"We used logistic combat warships for the first time in our naval voyages and observed that the Islamic Republic of Iran's Larak-class warship which was part of the Navy's 25th flotilla (sent to a mission in the Gulf of Aden) carried out its mission successfully," Sayyari said on Sunday in a ceremony to welcome back home Iranian Navy forces sailing with the country's 25th flotilla of warships.
"Of course, this shows that we can use other similar warships in free and international waters," he added.
Sayyari said that in the current Iranian year which started on March 21, the Navy will send more flotillas of warships to farther waters and oceans to display Iran's greatness and its military power to the world.
Early April, the Iranian Navy dispatched its 25th flotilla of warships to the Gulf of Aden and the high seas to protect the country's cargo ships and oil tankers against pirates.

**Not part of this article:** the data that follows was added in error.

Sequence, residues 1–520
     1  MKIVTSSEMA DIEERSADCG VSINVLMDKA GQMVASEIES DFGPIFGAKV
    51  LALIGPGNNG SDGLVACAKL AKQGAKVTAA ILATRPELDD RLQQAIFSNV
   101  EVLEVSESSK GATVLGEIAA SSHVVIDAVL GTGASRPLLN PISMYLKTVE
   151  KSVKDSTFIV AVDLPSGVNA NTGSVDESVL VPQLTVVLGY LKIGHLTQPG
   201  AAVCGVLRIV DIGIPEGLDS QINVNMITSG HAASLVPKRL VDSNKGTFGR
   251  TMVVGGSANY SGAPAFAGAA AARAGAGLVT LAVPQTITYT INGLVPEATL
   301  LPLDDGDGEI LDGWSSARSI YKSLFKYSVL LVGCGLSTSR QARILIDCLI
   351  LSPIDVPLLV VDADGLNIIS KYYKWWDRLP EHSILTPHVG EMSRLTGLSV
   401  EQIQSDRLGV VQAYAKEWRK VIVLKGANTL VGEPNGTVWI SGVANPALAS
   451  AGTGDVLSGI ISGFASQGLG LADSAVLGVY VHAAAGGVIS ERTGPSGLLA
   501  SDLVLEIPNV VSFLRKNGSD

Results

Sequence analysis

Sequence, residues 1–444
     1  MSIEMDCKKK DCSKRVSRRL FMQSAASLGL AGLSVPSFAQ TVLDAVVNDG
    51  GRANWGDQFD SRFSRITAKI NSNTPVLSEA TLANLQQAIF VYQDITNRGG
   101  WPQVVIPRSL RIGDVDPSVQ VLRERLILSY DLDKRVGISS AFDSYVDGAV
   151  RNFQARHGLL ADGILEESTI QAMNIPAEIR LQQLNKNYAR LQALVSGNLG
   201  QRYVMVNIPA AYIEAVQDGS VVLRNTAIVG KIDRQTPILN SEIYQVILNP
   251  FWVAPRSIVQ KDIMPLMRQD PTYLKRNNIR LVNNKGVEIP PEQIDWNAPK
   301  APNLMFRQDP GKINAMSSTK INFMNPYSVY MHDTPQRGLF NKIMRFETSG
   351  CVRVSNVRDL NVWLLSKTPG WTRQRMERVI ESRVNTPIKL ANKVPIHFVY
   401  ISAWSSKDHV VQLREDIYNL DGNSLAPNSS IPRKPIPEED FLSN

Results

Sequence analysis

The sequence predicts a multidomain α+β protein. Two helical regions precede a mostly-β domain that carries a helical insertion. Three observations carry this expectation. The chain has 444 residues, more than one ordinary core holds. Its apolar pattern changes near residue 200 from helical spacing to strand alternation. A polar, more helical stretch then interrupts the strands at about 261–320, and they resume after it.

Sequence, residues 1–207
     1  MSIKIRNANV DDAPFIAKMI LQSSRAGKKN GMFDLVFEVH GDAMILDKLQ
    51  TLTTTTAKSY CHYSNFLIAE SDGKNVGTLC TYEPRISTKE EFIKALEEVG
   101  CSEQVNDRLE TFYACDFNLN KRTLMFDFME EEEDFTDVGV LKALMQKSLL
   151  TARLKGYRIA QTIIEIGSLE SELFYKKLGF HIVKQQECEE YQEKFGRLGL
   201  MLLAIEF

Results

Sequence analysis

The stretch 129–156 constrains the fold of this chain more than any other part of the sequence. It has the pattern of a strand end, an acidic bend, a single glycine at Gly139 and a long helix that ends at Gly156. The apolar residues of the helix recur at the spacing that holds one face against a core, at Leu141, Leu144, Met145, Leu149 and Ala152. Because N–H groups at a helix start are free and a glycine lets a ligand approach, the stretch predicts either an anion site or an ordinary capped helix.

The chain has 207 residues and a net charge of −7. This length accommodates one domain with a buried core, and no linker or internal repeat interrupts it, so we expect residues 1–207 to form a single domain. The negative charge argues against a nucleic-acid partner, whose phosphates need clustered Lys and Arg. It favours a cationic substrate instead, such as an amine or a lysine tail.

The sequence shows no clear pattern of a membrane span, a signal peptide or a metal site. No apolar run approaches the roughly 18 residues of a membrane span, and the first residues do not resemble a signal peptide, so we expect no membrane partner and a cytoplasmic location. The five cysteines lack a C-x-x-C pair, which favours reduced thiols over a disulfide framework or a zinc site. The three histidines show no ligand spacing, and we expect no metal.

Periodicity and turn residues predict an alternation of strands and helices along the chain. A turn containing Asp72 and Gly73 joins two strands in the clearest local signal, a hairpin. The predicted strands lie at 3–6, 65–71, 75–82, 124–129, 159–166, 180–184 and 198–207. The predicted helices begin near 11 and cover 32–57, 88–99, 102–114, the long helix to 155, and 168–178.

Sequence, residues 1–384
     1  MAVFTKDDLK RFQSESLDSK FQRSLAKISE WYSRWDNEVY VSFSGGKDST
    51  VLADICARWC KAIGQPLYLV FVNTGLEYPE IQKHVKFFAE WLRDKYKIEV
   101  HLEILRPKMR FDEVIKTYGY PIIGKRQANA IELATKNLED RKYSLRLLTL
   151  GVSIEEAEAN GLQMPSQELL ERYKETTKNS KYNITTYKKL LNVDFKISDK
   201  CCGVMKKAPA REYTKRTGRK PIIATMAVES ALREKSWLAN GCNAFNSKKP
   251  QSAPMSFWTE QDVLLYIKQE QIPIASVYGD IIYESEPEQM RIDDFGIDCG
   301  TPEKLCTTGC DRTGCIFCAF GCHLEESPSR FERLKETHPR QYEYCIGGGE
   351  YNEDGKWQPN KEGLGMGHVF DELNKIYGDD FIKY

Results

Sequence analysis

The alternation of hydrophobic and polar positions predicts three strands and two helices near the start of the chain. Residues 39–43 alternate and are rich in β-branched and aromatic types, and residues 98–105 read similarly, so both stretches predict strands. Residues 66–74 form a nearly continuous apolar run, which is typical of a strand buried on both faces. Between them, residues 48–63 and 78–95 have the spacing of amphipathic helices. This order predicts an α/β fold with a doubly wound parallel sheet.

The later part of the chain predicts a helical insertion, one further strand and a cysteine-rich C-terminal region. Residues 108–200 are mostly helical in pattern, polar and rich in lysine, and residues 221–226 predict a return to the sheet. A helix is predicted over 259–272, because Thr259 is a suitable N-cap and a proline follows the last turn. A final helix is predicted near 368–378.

The 25th fleet of warships, comprised of Alborz missile warship and Larak logistic ship, left the Army's first naval zone for a mission in the high seas after the 24th flotilla returned home.
The Iranian flotilla is tasked with patrolling the Gulf of Aden to provide security for Iran's shipping lines and to also take Iran's message of peace, friendship and consolidation of regional cooperation to the regional nations.
The Iranian Navy has been conducting anti-piracy patrols in the Gulf of Aden since November 2008, when Somali raiders hijacked the Iranian-chartered cargo ship, MV Delight, off the coast of Yemen.
According to UN Security Council resolutions, different countries can send their warships to the Gulf of Aden and coastal waters of Somalia against the pirates and even with prior notice to Somali government enter the territorial waters of that country in pursuit of Somali sea pirates.
The Gulf of Aden - which links the Indian Ocean with the Suez Canal and the Mediterranean Sea - is an important energy corridor, particularly because Persian Gulf oil is shipped to the West via the Suez Canal.